Jews are among 40 million Americans struggling with substance addiction. Since 1999, 25 million are in recovery, and nearly 1 million died of an overdose. Results from a research study published in the Journal of Addiction indicate that more than 20 percent of Jews with a substance use disorder have a family history of addictive behaviors. The study also indicates that the lifetime prevalence of addiction in Israel is around 13 percent, which is comparable to the rates of substance use in many other developed countries.
The consumption of alcohol is described in the book of Genesis (Gen 9: 20-27). Noah curses Ham for the role he played in his father’s drunkenness. Jewish law mandates the use of wine (or the use of nonalcoholic grape juice) during Shabbat, Passover, britot milah, weddings, and other occasions. The issue at hand is not the consumption of alcohol, instead, it is the abuse of alcohol and the potential consequences on the individual, the family, and the community.
Longstanding myths associated with substance abuse in the Jewish community still exist. Chava Sufrin, a community support worker in a drug crisis prevention and counseling center in Great Britain, reports that some of these myths include:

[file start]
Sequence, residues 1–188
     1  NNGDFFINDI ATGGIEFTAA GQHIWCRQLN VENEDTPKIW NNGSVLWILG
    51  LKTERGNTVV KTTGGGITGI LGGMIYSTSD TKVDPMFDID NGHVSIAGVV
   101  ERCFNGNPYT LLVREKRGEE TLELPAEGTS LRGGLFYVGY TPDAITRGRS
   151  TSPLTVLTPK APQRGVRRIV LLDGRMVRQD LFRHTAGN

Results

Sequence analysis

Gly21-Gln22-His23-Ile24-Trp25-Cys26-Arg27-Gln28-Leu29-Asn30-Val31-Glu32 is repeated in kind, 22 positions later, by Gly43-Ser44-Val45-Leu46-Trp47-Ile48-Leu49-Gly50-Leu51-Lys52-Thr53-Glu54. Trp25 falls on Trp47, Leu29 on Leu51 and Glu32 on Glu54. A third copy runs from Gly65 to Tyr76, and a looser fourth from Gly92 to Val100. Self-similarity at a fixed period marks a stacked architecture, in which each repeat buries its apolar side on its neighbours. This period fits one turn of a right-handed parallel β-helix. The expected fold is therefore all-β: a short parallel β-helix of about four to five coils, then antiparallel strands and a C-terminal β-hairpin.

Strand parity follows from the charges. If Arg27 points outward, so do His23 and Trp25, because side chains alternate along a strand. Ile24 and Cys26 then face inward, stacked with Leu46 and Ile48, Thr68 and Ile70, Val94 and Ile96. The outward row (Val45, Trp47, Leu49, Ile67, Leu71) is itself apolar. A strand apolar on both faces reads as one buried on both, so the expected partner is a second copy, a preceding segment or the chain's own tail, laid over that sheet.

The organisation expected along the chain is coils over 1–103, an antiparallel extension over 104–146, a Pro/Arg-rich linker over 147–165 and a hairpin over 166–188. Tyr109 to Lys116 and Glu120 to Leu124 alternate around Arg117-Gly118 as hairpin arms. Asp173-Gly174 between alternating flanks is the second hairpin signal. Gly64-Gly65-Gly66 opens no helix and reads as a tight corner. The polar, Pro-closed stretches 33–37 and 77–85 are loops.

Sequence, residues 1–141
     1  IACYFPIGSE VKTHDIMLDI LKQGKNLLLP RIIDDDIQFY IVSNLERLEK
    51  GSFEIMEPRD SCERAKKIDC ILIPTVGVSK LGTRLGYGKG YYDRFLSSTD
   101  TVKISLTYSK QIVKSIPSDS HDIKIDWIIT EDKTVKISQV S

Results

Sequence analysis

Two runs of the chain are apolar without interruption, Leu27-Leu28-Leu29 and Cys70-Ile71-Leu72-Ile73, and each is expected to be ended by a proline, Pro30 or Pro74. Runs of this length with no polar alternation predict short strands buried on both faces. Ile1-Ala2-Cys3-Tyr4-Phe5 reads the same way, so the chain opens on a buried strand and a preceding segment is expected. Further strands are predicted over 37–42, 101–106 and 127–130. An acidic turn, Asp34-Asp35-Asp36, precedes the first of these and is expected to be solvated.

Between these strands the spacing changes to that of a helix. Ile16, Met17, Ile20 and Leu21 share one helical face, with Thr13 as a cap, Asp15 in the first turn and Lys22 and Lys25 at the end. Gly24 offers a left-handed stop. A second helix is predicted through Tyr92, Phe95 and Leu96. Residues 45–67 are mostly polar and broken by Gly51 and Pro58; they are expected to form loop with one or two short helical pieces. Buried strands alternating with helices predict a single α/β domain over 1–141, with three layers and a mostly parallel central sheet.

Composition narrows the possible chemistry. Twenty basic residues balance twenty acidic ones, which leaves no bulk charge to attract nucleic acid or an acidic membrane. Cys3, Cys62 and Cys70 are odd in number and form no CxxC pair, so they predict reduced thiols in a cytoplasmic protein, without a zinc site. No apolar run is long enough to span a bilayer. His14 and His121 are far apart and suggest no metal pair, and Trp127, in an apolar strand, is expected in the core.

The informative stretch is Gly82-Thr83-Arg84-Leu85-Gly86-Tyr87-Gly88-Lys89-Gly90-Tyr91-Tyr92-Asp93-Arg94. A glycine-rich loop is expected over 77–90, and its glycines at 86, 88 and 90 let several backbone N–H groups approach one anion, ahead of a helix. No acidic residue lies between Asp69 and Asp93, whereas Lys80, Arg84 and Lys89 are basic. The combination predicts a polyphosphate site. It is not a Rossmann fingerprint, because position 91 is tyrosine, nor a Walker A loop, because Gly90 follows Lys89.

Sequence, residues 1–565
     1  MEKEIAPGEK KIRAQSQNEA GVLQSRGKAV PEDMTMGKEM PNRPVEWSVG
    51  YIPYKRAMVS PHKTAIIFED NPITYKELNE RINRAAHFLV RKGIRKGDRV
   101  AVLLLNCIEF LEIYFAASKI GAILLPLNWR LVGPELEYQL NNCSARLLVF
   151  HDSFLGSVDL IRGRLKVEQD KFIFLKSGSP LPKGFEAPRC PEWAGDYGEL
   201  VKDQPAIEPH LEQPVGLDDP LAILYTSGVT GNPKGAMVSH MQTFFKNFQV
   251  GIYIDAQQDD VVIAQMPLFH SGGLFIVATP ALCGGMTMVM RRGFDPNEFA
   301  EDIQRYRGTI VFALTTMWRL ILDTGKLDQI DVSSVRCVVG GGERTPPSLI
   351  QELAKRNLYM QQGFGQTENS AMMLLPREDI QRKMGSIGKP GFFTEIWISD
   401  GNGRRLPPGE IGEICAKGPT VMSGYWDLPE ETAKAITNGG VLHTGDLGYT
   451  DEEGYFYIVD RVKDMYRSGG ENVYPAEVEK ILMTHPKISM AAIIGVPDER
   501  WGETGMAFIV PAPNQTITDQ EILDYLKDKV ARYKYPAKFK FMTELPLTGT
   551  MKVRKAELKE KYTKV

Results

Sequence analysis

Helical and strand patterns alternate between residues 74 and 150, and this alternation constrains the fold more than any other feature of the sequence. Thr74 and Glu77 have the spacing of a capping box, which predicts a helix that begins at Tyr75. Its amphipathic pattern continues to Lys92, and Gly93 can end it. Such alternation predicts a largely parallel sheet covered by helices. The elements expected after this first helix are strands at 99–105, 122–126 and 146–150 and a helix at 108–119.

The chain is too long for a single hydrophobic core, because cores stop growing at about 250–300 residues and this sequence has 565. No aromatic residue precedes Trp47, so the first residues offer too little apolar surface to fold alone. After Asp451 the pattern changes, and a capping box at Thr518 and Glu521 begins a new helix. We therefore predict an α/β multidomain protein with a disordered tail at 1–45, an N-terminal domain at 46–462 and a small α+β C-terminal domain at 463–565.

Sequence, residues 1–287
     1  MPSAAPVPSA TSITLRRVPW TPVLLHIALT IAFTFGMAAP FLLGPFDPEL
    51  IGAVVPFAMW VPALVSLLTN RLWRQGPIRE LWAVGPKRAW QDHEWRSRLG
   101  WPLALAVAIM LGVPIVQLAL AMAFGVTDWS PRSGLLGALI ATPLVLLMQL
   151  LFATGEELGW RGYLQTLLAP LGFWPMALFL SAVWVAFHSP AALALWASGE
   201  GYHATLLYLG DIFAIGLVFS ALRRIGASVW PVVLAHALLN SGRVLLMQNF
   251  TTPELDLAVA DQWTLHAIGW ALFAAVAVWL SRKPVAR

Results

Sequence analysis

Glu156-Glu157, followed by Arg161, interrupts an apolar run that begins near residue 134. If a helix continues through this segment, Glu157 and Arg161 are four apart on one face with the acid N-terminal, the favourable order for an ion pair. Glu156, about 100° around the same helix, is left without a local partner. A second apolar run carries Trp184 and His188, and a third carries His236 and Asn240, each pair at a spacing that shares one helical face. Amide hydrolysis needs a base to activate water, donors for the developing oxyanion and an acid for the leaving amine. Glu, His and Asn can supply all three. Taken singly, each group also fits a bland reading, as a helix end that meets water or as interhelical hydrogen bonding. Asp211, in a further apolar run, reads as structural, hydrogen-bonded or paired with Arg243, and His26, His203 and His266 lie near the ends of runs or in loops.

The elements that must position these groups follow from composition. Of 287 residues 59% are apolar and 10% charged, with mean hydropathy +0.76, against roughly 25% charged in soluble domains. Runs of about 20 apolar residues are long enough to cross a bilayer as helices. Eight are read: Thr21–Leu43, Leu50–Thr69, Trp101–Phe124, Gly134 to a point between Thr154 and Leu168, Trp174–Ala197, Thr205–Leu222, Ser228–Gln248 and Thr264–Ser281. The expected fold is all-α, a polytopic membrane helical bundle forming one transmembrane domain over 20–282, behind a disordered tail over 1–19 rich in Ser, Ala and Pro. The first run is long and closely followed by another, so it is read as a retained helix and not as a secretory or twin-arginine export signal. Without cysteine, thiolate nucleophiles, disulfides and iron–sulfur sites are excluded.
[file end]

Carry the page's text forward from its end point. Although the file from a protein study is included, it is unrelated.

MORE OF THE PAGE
- People who practice Judaism are protected from addiction.
- Only Jews who have become alienated from their faith develop substance abuse issues.
- Orthodox Jews do not abuse alcohol or illicit drugs.
- There is no need for addiction recovery programs that incorporate the tenets of Judaism.
- Only the morally corrupt use drugs.
A panel discussion on drug addiction in the Jewish community was held at Pasadena Jewish Temple and Center in Pasadena California on Sunday, March 27. Dr. Michael Miller, past president of the American Society of Addiction Medicine, defined addiction as “a primary, chronic disease of brain reward, motivation, memory, and related circuitry.”
Kate Loewenthal, Emeritus Professor of Psychology at Royal Holloway, University of London, asserts that “alcohol and illicit drug addiction do currently occur in Jewish communities and rates are said to be rising,” and that “rates may have been lower than in other groups, but it is difficult to be confident about prevalence since denial is said to have occurred in the past and may still occur.”
Jewish families and individuals are grappling with how to understand, face, and live with this condition. At the same time, many of these families and people are feeling lonely and alone. How can we make a change? Fight the stigma!
Communities Confronting Substance Abuse & Addiction (CCSA), a nonprofit organization, says that “by eliminating stigma, we can break the cycle of addiction and save lives.” The organization has resources you can use on their website. You can also find resources at The Jewish Addiction Awareness Network.
“All of the people Israel are responsible for each other.” – Talmud Shevuot 39a.